By Deb A.
The tides are turning against a major donor in the art world. Over the last week, the Tate Modern, the National Portrait Gallery, and the Guggenheim all announced that they would no longer be accepting donations from the Sackler family.
The Sacklers earned themselves a name in the art world by donating millions upon millions of dollars to museums and galleries. The Metropolitan Museum of Art and the Louvre have Sackler Wings, the British Museum has Raymond and Beverly Sackler Rooms, and the group of Tate galleries had already accepted over $5 million from the family before their recent announcement.
The problem lies in the source of the Sackler family's billions: Their company, Purdue Pharma, developed and aggressively marketed OxyContin while hiding its addictive properties, making the Sacklers almost single-handedly responsible for North America's opioid crisis.
Photographer Nan Goldin, who herself became addicted to painkillers after being prescribed OxyContin, established Prescription Addiction Intervention Now (PAIN) to protest the Sacklers's involvement in the arts and insist that they fund rehab programmes and overdose antidotes instead of making prestigious donations. She led demonstrations at the Met and the Guggenheim, and threatened to withdraw from an exhibition of her work at the National Portrait Gallery if it accepted a million-pound donation from the Sacklers. The gallery turned the money down.
The Sacklers are far from being the only ethically problematic patrons of the arts, and it is unlikely that museums and galleries around the world, especially those with long histories, will be able to extricate themselves completely from blood money and ill-gotten gains. But this is no reason to avoid taking a stand; galleries must make it clear that they will no longer accept money that was earned by putting lives at risk.
By Deb A.
William Stanley Merwin died on March 15, 2019. He was 91. Merwin was a poet whose life and works lend themselves well to elegant variation. He was a conservationist—not only in his poetry, which often bemoaned the destruction of the natural world, but also in his personal life; he and his wife restored 19 acres of land in Hawaii ("His poems, like that forest, are a kind of time preserve," noted Dan Chiasson in the New Yorker) and founded the Merwin Conservancy. He was a literary translator who took up the practice on the advice of Ezra Pound as a way of improving his own writing. He was a practising Buddhist and an anti-war activist; he was a conscientious objector in World War II, and he rejected his 1971 Pulitzer Prize (for The Carrier of Ladders), requesting that the prize money be donated to a peace activist and the draft resistance movement. As well as being a Pulitzer Prize winner (twice: He also won in 2009 for The Shadow of Sirius), he was a U.S. Poet Laureate and the recipient of nearly every other award available to American poets. Merwin was a prolific writer, publishing over 20 books of poetry—which, in his signature style, offer little in the way of punctuation—and nearly as many books of translation, as well as several plays, memoirs, and other books. His last original collection of poems, Garden Time, was published in 2016, 64 years after his first, A Mask for Janus (1952).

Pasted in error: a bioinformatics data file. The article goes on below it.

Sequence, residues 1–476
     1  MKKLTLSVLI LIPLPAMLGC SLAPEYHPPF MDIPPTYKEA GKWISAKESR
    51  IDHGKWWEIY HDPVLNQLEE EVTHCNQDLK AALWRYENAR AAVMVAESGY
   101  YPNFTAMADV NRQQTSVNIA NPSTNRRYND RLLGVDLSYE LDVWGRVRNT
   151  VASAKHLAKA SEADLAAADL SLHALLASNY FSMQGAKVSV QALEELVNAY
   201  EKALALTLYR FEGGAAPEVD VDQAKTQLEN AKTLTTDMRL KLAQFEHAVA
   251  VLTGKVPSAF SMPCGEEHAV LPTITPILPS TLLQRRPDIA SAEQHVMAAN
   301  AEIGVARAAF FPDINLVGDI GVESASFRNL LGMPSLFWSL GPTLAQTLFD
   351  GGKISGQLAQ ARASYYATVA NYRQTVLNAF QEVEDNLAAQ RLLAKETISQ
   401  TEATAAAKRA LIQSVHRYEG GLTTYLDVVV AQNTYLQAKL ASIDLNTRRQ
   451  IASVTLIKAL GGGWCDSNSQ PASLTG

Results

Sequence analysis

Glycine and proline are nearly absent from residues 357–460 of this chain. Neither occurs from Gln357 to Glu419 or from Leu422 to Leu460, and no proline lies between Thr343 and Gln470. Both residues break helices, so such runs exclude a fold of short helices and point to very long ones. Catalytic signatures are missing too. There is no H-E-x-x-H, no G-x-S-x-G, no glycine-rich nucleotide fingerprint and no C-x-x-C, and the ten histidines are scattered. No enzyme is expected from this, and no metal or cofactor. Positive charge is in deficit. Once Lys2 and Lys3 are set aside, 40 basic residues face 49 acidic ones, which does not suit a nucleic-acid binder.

For the Anniversary of My Death
By W. S. Merwin (The Second Four Books of Poems, 1993)
Every year without knowing it I have passed the day
When the last fires will wave to me
And the silence will set out
Like the beam of a lightless star
Then I will no longer
Find myself in life as in a strange garment
Surprised at the earth
And the love of one woman
And the shamelessness of men
As today writing after three days of rain
Hearing the wren sing and the falling cease
By Deb A.
"Every black person deserves to see themselves this way": Mikael Owunna's Infinite Essence photography project is his reaction to the barrage of images of dying or dead black bodies. It is both poignant and incredibly beautiful, and a thorough look at his website and social media, along with this interview with NPR, is well worth your while.
Patrick Heide Contemporary Art in London is showing a group exhibition focused on Brexit entitled Should I Stay Or Should I Go?
It didn't take long for the first comic depicting U.S. Congresswoman Alexandria Ocasio-Cortez (as an establishment-fighting hero) to emerge. (Devil's Due Comics)
The New York Times marked Black History Month by telling the stories of some of the notable black men and women who did not receive obituaries when they died. The project is called Overlooked, and its last entry of the year is a look at graffiti artist Dondi.
If it's too cold to get outside, at least there's this: The Outdoor Photographer of the Year winners for 2018.
It's somehow hard to imagine a list like this that didn't include Margaret Atwood (spoiler alert: This one does): CBC's "10 Canadian books coming out in March we can't wait to read."
By Deb A.